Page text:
Saturday, February 15, 2020

Carbon Footprint: A brief history of litter

Recently a colleague commented on a couple of pictures I posted of city landscapes from the early 20th century. 'No litter' he said, and that got me thinking. Litter became a national problem in the mid-1950's as the Western World recovered from the Second World War and the domestic manufacturing industries began to prosper. Improved mass production of disposable goods produced a growing mountain of waste as mass consumerism was encouraged .

The first great UK clean-up took place in 1951 for The Festival of Britain, and again in 1953 for The Queen's Coronation. ‘Keep Britain Tidy’ was originally set up by a conference of 26 organisations in 1955. The conference was initiated by the British Women's Institute after a resolution was passed at its 1954 AGM to start a national anti-litter campaign.

Keep America Beautiful was formed in 1953 when a group of corporate and civic leaders met in New York City to bring the public and private sectors together to develop and promote a national cleanliness ethic. In 1956, the first Public Service Announcement (PSA) on Littering appeared in the US. The first Litter Act in the UK came in 1958 after a public outcry.

(Video Courtesy: ShockPresents by Youtube Channel)

Throughout the Sixties, societal attitude toward litter underwent a huge change and public service anti-litering campaigns like Keep America Beautiful and new state laws about littering were evidenced. These were mirrored throughout the Western World yet by the 70s, 'littering' had become a widely accepted universal social norm. The average person holds a piece of litter for 12 steps before dropping it. So if they don't find a litter bin within about thirty feet, chances are it lands on the street. Large areas of plastic waste collected in the ocean despite a ban on dumping by the International Maritime Organization. The packaging industry is the single biggest market for new plastic and over the past decade demand for plastic has grown by over 30% to 300 million tonnes per year. Plastic waste remains the 21st century's biggest environmental pollutant.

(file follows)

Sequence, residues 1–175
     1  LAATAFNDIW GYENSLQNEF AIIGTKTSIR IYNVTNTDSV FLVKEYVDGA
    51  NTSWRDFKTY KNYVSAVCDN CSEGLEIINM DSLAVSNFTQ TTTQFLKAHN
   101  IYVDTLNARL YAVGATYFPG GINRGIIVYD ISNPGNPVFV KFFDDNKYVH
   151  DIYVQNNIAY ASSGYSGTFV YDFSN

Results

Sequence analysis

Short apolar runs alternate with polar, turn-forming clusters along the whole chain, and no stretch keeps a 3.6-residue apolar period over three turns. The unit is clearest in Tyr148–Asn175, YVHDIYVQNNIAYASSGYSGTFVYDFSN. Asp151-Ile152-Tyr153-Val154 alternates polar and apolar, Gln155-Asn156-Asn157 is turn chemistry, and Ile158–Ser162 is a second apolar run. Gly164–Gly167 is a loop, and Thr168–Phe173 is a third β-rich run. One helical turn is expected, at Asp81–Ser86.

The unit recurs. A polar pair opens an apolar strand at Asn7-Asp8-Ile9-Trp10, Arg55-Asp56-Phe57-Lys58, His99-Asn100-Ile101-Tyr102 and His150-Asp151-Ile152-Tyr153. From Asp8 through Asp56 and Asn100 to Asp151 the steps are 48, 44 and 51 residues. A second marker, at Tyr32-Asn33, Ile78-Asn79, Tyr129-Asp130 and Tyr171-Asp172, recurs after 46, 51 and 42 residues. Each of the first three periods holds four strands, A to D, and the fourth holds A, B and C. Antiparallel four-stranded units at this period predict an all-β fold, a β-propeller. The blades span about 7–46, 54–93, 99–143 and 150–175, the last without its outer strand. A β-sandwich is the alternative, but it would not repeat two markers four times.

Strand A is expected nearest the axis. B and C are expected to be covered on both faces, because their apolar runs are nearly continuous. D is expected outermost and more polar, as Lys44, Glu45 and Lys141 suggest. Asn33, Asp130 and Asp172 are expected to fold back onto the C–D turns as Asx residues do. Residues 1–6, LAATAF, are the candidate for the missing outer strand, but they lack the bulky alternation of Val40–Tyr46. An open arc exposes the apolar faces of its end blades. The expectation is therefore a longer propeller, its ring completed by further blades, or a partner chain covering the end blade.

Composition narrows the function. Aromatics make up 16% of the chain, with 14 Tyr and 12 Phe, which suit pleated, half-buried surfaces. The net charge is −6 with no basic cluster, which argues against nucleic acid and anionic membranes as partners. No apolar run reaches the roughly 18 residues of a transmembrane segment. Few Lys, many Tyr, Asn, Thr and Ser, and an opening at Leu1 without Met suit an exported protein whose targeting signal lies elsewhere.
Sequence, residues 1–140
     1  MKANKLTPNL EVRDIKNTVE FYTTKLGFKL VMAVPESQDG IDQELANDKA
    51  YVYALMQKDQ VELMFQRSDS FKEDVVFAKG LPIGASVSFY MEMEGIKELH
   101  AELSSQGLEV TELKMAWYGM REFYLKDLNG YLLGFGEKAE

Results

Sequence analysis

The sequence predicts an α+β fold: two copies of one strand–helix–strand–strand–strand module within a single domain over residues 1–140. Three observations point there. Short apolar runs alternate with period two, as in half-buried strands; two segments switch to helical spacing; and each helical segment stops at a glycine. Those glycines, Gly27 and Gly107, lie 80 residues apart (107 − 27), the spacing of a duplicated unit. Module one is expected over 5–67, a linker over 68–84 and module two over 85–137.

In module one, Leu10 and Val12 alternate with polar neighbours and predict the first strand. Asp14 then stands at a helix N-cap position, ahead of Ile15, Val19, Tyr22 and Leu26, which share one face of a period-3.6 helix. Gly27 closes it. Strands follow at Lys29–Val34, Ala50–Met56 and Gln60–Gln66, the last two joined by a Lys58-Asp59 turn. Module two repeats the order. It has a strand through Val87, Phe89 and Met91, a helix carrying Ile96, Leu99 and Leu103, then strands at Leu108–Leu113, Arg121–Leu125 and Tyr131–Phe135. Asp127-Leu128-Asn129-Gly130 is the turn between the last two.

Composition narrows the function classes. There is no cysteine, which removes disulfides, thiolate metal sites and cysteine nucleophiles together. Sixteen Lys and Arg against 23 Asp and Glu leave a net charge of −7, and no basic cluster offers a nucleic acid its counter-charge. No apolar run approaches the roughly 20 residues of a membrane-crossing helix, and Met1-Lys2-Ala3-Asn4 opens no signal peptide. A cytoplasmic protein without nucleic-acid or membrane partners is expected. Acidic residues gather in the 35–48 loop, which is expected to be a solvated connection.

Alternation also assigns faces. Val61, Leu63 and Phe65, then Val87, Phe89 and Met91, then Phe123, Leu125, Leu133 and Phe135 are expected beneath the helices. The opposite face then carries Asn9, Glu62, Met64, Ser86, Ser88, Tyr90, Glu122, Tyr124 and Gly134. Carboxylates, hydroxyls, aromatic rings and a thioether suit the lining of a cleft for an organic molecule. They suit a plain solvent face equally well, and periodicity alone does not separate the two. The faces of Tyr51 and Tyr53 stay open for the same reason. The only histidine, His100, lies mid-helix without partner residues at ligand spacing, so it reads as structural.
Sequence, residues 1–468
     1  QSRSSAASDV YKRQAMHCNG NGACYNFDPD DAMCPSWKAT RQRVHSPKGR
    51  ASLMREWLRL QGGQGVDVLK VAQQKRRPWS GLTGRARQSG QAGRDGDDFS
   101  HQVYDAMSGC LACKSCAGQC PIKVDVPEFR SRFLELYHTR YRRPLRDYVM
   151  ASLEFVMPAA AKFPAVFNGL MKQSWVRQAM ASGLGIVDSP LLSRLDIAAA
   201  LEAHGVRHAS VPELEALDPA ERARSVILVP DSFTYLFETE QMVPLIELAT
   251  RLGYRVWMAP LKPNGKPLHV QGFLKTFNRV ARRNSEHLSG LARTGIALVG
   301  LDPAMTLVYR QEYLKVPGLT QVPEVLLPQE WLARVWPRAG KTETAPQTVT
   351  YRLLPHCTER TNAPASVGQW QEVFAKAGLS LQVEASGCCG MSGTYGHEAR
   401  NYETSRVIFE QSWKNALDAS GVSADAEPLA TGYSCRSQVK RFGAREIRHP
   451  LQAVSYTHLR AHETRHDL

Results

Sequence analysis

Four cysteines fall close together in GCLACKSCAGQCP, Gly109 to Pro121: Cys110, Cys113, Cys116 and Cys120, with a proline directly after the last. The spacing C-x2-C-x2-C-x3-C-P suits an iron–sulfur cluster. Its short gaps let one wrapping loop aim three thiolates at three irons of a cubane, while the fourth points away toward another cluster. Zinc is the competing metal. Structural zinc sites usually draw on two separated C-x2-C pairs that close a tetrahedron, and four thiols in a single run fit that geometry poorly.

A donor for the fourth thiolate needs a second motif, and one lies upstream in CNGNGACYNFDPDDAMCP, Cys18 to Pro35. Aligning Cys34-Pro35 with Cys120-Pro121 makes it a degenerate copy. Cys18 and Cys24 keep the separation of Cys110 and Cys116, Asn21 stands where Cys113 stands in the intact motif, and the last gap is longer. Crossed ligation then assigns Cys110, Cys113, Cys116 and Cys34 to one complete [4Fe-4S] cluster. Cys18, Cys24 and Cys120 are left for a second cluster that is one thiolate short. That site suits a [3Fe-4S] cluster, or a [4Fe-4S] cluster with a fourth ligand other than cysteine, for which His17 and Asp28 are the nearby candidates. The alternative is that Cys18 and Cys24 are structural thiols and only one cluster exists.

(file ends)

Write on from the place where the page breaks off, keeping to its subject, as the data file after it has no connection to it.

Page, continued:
(Video Courtesy: cytolitic by Youtube Channel)

As part of the Queen's 90th birthday celebrations, the Keep Britain Tidy Group organised ‘Clean for the Queen,’ a great national litter pick. Despite a mixed reaction, over quarter of a million people collected 300,000 bags of rubbish, enough litter to stretch from Land's End to John O'Groats.

(Video Courtesy: AP Archive by Youtube Channel)

On average in England, 30 million tonnes of rubbish are swept up annually at a cost of nearly £850 million. This would be enough rubbish to fill Wembley Stadium four times over. The UK’s top litter items in 2016 were all products designed to be single use and disposable: cigarette stubs, sweet wrappers, drinks bottles, food packaging, paper tissues and plastic bags.

(Video Courtesy: oceanpollutionpatchby Youtube Channel)

Carbon Footnote
Plastic takes around approximately 400 years to decay into fine plastic dust which will eventually drift around our planet. There is now estimated to be five trillion pieces of plastic floating in the oceans.

Reviewed 15/02/2020

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